“Ain’t nothing going on but the rent.” That is a lyric fragment from one of my favorite 1980s pop songs. The song is about a woman who won’t date a man who can’t financially take care of himself. While that is a subject for another article, I will say that the main driving point of the song is the need to stay financially and independently solvent. We live in a world where inflation and the standard of living steadily rises.
Nothing in life can be accomplished for the average person unless they make more money and attain a decent level of credit. In the early 1990s, I made about $80-a-week working in a library as college freshman. I had to work various odd jobs to raise that to about $150-a-week. Then, I got work as an academic advisor and adjunct college instructor. Over a few years, my salary grew from $20,000 to just under $30,000.
This is all before I became a freelancer. Now I work 12-hour days strategizing ways to increase my pay every day. Isn’t that the way of the American worker? To get promoted and gain increasingly larger paychecks?
Pay and Promotion
About 45% of Americans are dissatisfied with their salaries and want more pay. The average American makes about $40,000 to $50,000 annually. Employee attendance, job performance, job market competitiveness, number of years employed, and other factors determines the odds of promotion. Pay bonuses are also paid through benefits packages. Most employers use 3% of their budgets to accommodate salary increases.
Many American workers will switch jobs if they feel they aren’t being appreciated via salary compensation. However, for many Millennials, current young adults born between 1980 and the mid-1990s, salary has nothing to do with personal worth.
A Salary Cut for a Better Title?
In the pre-digital age, most people took on a new job hoping to get paid as much as possible. Financial analysts are now reporting that a growing number of Millennials are initiating job interviews by requesting pay cuts between $5,000 and $10,000. Millennials believe that being called a, “senior manager,” instead of an, “associate,” will give themselves more negotiating leverage later in their careers.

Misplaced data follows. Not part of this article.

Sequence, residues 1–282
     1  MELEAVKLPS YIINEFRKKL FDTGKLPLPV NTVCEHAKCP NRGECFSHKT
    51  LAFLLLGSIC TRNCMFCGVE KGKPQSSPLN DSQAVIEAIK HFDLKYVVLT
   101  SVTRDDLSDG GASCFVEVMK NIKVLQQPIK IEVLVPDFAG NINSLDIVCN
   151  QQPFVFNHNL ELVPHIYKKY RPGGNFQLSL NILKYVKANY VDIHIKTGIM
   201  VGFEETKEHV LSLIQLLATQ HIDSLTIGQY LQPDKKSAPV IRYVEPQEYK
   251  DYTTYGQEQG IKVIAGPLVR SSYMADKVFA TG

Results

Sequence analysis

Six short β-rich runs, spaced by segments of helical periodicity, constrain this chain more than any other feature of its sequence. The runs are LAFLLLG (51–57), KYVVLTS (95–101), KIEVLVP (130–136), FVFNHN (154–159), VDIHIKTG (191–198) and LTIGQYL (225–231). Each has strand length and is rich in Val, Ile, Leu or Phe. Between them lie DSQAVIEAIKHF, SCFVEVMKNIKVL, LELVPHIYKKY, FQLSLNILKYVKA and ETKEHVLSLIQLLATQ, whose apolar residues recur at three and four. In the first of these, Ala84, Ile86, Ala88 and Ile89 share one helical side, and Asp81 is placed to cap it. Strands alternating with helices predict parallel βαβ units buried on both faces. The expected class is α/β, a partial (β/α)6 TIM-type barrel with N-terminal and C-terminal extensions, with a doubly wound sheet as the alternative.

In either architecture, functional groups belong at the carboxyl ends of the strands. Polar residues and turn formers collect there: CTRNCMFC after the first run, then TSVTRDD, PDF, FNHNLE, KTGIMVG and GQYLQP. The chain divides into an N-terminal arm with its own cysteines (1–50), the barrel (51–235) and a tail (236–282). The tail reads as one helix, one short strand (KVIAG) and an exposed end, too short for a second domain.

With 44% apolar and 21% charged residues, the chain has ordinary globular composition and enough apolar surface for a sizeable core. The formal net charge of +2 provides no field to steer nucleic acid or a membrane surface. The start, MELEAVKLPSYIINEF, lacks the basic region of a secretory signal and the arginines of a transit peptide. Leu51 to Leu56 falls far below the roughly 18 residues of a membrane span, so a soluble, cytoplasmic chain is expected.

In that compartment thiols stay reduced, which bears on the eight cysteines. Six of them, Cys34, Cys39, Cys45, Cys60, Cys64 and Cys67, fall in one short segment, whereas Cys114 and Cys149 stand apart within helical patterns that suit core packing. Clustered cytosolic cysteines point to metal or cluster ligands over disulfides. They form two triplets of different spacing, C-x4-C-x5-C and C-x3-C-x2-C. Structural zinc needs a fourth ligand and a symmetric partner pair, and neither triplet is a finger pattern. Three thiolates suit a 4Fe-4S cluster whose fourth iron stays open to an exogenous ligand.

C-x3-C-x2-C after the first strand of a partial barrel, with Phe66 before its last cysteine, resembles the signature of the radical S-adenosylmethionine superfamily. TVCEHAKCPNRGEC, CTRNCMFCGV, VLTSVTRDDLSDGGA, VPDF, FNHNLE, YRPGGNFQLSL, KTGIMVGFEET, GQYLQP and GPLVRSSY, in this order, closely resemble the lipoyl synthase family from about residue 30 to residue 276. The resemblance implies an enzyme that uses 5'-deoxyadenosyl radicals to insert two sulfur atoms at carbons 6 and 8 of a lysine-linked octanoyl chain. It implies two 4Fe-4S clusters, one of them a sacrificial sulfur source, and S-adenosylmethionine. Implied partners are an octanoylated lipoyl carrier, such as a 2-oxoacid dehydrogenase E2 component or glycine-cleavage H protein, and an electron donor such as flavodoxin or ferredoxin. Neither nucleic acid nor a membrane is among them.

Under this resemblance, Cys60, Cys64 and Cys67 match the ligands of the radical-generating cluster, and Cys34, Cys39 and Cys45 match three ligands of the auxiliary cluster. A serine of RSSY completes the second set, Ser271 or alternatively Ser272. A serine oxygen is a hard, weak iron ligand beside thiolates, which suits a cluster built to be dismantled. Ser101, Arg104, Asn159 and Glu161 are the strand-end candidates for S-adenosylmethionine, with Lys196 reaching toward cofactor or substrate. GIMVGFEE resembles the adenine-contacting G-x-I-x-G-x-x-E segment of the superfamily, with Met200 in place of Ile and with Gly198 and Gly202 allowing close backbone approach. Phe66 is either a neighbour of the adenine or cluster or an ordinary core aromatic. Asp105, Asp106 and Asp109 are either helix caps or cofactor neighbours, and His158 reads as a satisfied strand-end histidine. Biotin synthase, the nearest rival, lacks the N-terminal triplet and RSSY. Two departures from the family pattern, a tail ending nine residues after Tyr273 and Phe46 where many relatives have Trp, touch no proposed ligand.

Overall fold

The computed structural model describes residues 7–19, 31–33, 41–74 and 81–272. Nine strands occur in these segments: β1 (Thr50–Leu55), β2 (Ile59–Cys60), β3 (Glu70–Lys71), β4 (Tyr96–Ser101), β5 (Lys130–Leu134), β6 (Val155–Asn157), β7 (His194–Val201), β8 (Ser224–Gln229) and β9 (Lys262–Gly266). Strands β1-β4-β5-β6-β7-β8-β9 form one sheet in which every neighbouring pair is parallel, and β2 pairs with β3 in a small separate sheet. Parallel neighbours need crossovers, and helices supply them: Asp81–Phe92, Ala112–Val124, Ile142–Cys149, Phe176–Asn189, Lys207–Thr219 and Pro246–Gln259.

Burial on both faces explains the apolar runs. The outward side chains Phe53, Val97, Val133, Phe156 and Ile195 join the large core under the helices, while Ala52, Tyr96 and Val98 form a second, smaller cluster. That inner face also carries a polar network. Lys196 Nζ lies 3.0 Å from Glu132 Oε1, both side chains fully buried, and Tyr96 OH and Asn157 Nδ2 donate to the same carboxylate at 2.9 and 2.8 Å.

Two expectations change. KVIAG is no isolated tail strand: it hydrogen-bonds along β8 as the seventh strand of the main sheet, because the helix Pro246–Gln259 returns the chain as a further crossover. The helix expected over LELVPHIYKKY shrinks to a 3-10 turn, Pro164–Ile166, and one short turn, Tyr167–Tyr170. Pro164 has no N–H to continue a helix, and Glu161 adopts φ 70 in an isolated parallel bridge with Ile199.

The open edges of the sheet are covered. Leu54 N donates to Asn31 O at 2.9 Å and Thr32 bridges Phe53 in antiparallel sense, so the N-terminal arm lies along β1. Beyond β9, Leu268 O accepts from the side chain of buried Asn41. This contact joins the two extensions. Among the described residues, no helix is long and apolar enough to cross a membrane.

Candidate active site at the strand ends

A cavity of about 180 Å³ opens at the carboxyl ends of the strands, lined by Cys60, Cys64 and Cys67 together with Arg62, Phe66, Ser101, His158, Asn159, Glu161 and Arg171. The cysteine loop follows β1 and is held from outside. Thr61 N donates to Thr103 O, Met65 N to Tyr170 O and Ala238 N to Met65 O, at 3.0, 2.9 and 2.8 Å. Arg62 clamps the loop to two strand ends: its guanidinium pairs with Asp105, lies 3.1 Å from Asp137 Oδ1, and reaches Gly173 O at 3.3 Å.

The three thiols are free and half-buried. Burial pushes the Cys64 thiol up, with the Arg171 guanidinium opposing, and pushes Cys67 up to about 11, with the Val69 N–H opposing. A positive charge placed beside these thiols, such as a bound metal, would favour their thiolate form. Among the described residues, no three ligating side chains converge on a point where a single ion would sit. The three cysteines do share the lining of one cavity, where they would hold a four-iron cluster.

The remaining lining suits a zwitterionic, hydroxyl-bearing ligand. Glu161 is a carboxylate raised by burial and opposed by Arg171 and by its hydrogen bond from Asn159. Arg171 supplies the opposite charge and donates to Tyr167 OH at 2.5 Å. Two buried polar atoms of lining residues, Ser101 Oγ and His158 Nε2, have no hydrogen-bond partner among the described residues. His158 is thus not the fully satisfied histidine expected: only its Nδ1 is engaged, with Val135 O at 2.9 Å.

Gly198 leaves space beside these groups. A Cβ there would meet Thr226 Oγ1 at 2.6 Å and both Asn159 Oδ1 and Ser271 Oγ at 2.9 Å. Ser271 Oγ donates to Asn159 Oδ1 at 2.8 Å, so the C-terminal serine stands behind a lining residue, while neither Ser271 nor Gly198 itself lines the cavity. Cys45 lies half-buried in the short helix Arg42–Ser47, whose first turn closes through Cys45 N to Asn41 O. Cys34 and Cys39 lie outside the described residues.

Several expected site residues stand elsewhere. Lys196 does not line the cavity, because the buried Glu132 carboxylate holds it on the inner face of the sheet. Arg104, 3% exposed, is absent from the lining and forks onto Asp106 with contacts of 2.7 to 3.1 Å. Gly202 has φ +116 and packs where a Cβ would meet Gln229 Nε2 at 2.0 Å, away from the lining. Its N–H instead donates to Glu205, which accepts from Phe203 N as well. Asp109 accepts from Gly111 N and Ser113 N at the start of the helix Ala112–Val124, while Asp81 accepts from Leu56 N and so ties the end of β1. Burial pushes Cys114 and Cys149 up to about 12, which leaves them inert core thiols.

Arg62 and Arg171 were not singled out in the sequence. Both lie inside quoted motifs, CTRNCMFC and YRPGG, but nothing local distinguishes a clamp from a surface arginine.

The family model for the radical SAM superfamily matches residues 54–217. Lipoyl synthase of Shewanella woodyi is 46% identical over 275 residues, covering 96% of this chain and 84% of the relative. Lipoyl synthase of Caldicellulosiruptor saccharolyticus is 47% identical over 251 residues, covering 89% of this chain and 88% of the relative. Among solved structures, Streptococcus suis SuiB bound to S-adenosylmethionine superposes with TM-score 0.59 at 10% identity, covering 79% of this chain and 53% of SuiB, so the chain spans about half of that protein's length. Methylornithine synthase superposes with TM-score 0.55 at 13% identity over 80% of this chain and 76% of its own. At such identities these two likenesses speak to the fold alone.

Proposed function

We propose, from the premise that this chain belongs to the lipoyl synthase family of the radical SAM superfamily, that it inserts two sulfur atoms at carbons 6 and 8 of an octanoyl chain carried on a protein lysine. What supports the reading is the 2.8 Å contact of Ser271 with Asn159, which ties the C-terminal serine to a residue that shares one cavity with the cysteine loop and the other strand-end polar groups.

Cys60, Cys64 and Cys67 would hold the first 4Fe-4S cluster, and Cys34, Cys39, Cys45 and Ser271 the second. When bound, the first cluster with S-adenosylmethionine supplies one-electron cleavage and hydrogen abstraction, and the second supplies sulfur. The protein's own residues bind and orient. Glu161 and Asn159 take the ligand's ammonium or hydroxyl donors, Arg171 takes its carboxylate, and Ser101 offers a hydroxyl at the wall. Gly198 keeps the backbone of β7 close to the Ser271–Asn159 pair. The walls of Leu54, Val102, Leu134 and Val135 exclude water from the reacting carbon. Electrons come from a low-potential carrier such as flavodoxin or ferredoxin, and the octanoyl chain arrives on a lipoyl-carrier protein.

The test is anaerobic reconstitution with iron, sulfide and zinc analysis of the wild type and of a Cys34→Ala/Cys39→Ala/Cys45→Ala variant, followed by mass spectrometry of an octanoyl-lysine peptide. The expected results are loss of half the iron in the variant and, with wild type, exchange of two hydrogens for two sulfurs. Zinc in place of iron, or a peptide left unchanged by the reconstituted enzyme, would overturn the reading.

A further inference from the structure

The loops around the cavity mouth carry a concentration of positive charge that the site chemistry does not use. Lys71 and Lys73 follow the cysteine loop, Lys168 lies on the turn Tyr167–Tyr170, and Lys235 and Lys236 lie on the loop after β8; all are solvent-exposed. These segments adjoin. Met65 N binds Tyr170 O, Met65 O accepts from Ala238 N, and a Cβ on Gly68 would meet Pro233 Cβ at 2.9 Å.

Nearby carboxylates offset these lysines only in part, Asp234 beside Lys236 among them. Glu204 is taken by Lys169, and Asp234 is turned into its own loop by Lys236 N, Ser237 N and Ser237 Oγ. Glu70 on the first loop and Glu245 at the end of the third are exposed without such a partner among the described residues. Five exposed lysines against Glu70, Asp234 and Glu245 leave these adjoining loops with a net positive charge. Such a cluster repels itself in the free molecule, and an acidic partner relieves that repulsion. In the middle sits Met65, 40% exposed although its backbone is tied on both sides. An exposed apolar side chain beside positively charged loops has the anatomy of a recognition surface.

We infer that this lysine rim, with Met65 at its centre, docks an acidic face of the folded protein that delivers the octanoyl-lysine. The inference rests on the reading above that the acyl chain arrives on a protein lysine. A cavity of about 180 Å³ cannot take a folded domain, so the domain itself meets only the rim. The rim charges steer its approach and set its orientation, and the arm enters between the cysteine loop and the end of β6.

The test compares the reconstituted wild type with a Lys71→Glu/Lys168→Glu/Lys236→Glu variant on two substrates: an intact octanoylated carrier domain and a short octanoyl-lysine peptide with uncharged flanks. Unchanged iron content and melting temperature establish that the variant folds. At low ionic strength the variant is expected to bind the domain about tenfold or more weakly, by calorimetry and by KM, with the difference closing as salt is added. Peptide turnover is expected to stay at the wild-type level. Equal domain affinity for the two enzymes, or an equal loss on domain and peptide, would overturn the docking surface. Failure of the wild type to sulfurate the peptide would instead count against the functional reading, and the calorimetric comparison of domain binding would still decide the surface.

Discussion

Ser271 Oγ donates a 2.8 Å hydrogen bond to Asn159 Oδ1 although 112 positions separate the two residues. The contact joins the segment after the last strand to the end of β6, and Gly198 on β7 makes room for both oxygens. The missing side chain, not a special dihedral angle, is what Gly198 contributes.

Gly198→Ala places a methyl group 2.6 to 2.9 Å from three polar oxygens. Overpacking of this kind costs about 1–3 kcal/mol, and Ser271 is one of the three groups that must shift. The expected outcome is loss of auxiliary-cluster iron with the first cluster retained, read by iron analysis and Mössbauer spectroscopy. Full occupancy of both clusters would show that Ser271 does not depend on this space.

The mindset seems to be that if they start out with an impressive title, even at the expense of a severe pay cut to an already meager salary, then they will make more money as they improve their skills. That is a big gamble to take and assumes that employees, who will gladly accept such voluntary pay cut offers, value skilled employees over profits.
Employers and businesses lay off veteran and skilled employees all of the time. Ford will lay off 7,000 employees this year. It won’t be the only major company laying off workers. Also, accepting pay cuts in favor of a fancy title means that less-qualified co-workers will earn more money at the same workplace. Millennials who don’t work according to a job’s standards have set themselves back dramatically for future pay raises.
No employee should take a job for granted and should get paid as much as they can. Millennials who try such gambits may find themselves unappreciated at a job they gave up salary to get. Ironically switching jobs for more pay later may prove tricky. Why should a new employer pay for perceived worth now after a Millennial took a significant pay cut at the previous job? People aged 19 to 34 in entry-level jobs earn between $21,000 and $40,000 annually. Impressive job titles are nice. Being able to pay your bills is nicer.
Join the FREE Newsletter
Subscribe to more PF Advice and helpful tips straight to your inbox.